Effective Teaching for Active Citizenship: a systematic evidence review
Whole school policies • Active Citizenship • Research
Effective Teaching for Active Citizenship: A systematic evidence review
This downloadable summary report has been produced by the Association for Citizenship Teaching and Middlesex University as part of the research and evaluation of the Active Citizenship in Schools programme that is running from 2021-25. The programme offers a strategic approach to embed social action and active citizenship within the school curriculum. It aims to identify models and practices that ensure pupils engage in and benefit from citizenship education in a sustained and impactful way.
Similarly to its companion report for school leaders, the evidence informing this report has been analysed following a systematic review of research journals. The researchers looked for peer-reviewed academic journal articles which were concerned with evaluating the impact of citizenship education, specifically in relation to active citizenship outcomes. The review included 133 articles from around the world, including 18 randomised control trials and large cohort studies, widely thought to be the most reliable form of evidence.
This summary report provides seven recommendations for subject leaders and teachers to consider in order to support active citizenship outcomes; including political knowledge, efficacy, trust, tolerance and attitudes towards democracy. Download the summary report for full details.
1. School context: Teacher-student relationships and school ethos
The quality of teacher-student relationships and student perceptions of their school have an impact on students’ citizenship outcomes. When students perceive they have a good relationship with teachers, whom they respect, they are likely to have more positive attitudes towards democracy and to be more likely to participate in a range of activities.
Taught provision makes a significant difference to student outcomes in a range of measures. It is well established that citizenship education in the curriculum leads to greater levels of knowledge about citizenship. But, there is mixed evidence about the wider impact in terms of attitudes towards citizenship and intentions to participate. Studies suggest that planned provision should also include active learning experiences to ensure progress in the wider range of citizenship outcomes.
3. Teaching styles
In England there is substantial current interest in forms of direct instruction and knowledge-led teaching and the research evidence suggests that this can be useful in building student knowledge and some citizenship skills. However, the evidence is equally clear that this must be accompanied by more interactive teaching methods to secure positive impacts on attitudes and students’ agency to affect change. The more forms of active learning students experience, the more sustained the positive impacts.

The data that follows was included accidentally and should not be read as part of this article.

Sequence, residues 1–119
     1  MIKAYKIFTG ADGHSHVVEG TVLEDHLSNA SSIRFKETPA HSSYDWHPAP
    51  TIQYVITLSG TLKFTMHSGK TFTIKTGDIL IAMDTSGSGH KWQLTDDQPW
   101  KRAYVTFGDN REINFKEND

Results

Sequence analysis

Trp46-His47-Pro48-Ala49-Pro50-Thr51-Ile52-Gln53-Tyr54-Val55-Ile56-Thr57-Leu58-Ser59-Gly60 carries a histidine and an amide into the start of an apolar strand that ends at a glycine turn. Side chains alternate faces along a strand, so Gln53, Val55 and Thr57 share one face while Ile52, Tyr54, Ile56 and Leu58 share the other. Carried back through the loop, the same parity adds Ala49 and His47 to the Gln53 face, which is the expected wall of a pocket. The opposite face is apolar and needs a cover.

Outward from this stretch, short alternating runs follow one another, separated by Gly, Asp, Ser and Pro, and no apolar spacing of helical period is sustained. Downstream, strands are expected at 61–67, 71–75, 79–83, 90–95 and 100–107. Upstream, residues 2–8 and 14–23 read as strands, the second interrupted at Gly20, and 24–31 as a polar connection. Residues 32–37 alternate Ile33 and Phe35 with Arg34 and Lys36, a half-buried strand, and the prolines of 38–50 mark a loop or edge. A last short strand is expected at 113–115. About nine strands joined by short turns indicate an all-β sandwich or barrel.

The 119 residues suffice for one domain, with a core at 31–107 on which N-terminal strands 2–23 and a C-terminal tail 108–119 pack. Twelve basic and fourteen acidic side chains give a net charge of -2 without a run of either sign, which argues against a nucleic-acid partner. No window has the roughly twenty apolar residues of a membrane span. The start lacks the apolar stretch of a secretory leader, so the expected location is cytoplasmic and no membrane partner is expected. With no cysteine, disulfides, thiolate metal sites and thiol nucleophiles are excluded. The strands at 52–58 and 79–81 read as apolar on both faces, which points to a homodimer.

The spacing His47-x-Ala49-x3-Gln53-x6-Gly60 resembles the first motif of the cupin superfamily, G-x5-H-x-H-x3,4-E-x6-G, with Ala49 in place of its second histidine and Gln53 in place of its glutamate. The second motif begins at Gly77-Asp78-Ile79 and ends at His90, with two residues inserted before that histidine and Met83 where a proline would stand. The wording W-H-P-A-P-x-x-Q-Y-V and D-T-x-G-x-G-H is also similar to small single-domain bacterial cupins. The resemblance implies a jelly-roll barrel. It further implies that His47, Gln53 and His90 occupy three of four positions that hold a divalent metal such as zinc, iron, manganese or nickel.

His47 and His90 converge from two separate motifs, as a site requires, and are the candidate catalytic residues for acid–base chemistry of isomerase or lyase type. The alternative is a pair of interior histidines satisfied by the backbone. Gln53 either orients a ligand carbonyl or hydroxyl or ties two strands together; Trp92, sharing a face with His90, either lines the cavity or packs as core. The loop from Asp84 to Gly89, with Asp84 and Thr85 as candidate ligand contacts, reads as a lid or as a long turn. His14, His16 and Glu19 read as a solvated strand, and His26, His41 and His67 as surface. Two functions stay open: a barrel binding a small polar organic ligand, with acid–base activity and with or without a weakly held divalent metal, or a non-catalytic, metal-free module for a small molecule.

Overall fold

4. Discussions and debates
Students’ perception of the degree to which their classrooms encourage the expression and exploration of diverse opinions is correlated with improved knowledge, attitudes and experience of active citizenship. A number of small evaluations of specific projects suggest that it is the discussion that makes the difference, as opportunities to discuss work are often linked to higher outcomes than simply learning about the material individually.
5. Active Citizenship
Active citizenship works in securing a range of valuable outcomes, but the type and content of experiences can impact significantly on the outcomes. Generally speaking, the more active citizenship learning the better, in terms of scale and duration of impact. There is evidence to suggest that choosing topics that resonate with students’ immediate contexts and concerns may be easier to manage and secure positive outcomes, partly because of motivation and because of easier access to decision-makers.
The evidence-base is weaker here but research generally finds positive outcomes in terms of knowledge, attitudes and skills. The evidence suggests that it is important to include time for a full de-brief and also that three design issues should be considered. First, classroom simulations may generate a greater impact if they include real life engagement, by presenting outcomes or engaging with speakers. Second, because simulations offer students a safe space to experiment with undesirable decisions, the simulation should make such options legitimate to ensure students ‘try out’ a range of approaches. Third, it might be useful to change roles part way through longer simulations to avoid students over identifying with one perspective.
7. Diversity and equality
There is a ‘civic gap’ which mirrors the general attainment gap between children eligible for free schools meals and their better off peers. This class divide is also complicated by a gender gap (in which girls reports better results from citizenship education than boys) and variations according to age (with younger students reporting more benefits than older ones) and differences according to migration experience (with migrant children having more positive attitudes towards political participation than others of comparable socio-economic status).
More about this research
There is also a companion report The Impact of Citizenship Education: a review of evidence for school leaders aimed at school leaders and governors, and a full technical report is also available. You may also be interested to read the Journeys to Citizenship Education: four case studies.